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A familiar debate has been stirring in tech and academic circles recently: Is Canada experiencing a brain drain, or a brain gain? Are the sunny, anti-Trumpian ways of our small polis attracting the world’s best and brightest, or are we sitting by again as our carefully cultivated geek corps skips across the 49th parallel?

Exhibit A for the “brain drain” crowd was presented last week in a study by a group of Ontario researchers who looked at where science, tech, engineering and math students from some of our best schools end up after graduation.

It found that about a quarter of recent STEM grads were working outside Canada, mostly in the United States. The figure was even higher in fields like computer science.

The most popular counterpoint from those who say we are gaining brains, the Trudeau government prominent among them, has been the Canada 150 Research Chairs program. It will use more than $100-million in funding to lure top scholars to Canadian universities. Early recruits include a computer-systems researcher poached from Harvard.

So which is it? Are we undergoing an exodus of talent, or an influx?

The twofold answer, disappointingly for fervid partisans on both sides, is “both, and that’s okay.” Hot calls for action from either side should be mostly ignored.

First, as the higher-education consultant Alex Usher has pointed out, the new brain-drain study has its limitations and shouldn’t be taken as conclusive evidence that we’re hemorrhaging talent. It only looks at three schools – the universities of British Columbia, Waterloo and Toronto – and only considers graduates who use LinkedIn, the professional social-networking site.

The paper does contain evidence that some of Canada’s most impressive young talent is moving to the U.S. for work. For example, 41 per cent of Waterloo tech grads in 2015 and 2016 left the country, mostly going south of the border.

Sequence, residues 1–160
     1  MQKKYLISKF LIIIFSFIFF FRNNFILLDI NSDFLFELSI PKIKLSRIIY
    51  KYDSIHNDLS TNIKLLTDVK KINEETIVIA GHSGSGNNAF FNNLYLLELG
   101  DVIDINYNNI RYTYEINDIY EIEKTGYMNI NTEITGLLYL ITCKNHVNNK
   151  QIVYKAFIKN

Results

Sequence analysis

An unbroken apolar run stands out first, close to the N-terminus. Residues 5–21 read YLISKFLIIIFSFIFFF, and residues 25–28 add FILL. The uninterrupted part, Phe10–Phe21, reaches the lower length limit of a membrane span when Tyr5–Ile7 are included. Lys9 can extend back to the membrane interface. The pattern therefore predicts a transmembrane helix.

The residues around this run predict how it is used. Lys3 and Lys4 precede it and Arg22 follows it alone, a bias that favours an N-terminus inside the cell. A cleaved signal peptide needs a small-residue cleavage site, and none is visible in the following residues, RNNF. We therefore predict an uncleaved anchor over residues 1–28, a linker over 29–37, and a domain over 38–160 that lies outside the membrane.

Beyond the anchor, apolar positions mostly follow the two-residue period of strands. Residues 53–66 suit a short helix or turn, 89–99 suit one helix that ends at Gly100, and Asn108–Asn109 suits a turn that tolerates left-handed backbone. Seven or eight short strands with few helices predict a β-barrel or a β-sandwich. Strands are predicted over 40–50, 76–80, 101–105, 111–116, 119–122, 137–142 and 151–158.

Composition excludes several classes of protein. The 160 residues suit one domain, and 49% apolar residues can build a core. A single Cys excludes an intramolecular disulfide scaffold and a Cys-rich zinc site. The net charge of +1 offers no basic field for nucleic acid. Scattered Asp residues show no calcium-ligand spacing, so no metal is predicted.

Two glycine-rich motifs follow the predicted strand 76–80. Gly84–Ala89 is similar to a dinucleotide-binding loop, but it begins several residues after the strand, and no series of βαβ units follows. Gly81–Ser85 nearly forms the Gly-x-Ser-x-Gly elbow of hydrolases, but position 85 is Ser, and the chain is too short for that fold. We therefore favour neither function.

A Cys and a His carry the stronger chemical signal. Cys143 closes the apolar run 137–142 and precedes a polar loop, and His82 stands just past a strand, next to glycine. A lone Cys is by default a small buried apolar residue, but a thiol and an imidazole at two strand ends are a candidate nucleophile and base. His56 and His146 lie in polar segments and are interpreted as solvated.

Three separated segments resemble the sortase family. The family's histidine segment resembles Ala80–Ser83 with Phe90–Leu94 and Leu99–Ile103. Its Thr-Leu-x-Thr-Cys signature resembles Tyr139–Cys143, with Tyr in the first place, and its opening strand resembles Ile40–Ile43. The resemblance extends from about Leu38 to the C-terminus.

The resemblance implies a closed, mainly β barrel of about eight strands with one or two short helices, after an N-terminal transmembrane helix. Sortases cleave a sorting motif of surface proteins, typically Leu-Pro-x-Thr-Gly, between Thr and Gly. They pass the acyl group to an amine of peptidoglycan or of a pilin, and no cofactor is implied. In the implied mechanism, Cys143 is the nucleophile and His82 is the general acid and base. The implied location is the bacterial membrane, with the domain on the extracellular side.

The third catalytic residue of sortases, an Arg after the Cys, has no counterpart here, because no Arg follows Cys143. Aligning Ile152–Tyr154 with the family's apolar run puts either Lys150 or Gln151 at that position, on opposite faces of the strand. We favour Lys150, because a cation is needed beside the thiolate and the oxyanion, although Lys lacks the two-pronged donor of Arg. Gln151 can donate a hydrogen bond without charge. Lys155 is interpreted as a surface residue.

But even then, it’s not clear that we should be treating this as a big problem. It might be nice if a few more bright bulbs stayed to work for BlackBerry, or founded the next BlackBerry, but the fact is that Silicon Valley dominates global tech the way Hollywood dominates film.

We should be glad the best Canadian schools are producing coders and engineers talented enough for Apple and Microsoft to come after, not begrudging the fact. Canadians tend to feel proud of Rachel McAdams and Denis Villeneuve for making it in L.A., not resentful.

And if it’s inevitable that San Francisco will lure away a few Mike Lazaridis types, it can also be a boon. Waterloo is an excellent school, but Canada’s top minds can learn far more working at Google. Some of them will come back home armed with new skills, not to mention business networks that this country can’t match. The next Mike Lazaridis might very well cut her teeth in Mountain View, Calif.

At the same time, we don’t have much evidence that Canada is attracting an upsurge of global talent. The hope, frequently expressed by people with the word “innovation” somewhere in their job titles, is that Donald Trump’s racist rhetoric will yield a bumper crop of techie immigrants choosing Canada over the U.S. It’s not yet clear that’s happening.

Foreign-student enrolment is up at some key universities, but it’s been growing dramatically for at least a decade nationwide. The Canada Research Chairs are nice, but they constitute a one-time incentive. A visa fast-tracking program for skilled tech workers has had some early success but, overall, tech-worker immigration does not seem to have grown dramatically in 2017.

Just as there’s some provisional evidence of a Canadian brain drain, there are tentative signs that Mr. Trump’s administration is pushing brainy workers north. What is really the issue is that people are making overwrought claims about the extent and importance of both those phenomena.

Canada is an attractive destination for immigrants that also happens to be located next to the world’s economic and innovation giant. Talented people are going to come here from abroad, and others are going to leave here for the U.S. Any effort to regulate these realities would be expensive and wasteful, even if we can tinker on the margins with policies to keep a few more tall poppies in Canada.

Rather than getting flushed about drains and gains, we should settle into our natural lot in the global talent marketplace: as a revolving door.

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